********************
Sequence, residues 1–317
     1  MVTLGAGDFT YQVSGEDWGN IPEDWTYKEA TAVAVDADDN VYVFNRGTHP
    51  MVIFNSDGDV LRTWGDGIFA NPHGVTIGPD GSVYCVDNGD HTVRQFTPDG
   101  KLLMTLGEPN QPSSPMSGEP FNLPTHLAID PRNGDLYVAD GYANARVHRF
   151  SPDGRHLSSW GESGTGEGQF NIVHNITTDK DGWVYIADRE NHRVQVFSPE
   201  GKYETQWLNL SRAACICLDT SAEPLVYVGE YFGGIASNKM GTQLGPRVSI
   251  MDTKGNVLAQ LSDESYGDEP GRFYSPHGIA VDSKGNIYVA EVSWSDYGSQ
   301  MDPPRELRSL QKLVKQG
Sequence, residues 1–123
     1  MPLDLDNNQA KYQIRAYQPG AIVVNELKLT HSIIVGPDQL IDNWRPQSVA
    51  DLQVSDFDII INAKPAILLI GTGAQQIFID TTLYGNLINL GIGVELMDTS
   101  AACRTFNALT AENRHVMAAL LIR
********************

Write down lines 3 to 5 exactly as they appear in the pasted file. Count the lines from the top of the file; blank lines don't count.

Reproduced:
    51  MVIFNSDGDV LRTWGDGIFA NPHGVTIGPD GSVYCVDNGD HTVRQFTPDG
   101  KLLMTLGEPN QPSSPMSGEP FNLPTHLAID PRNGDLYVAD GYANARVHRF
   151  SPDGRHLSSW GESGTGEGQF NIVHNITTDK DGWVYIADRE NHRVQVFSPE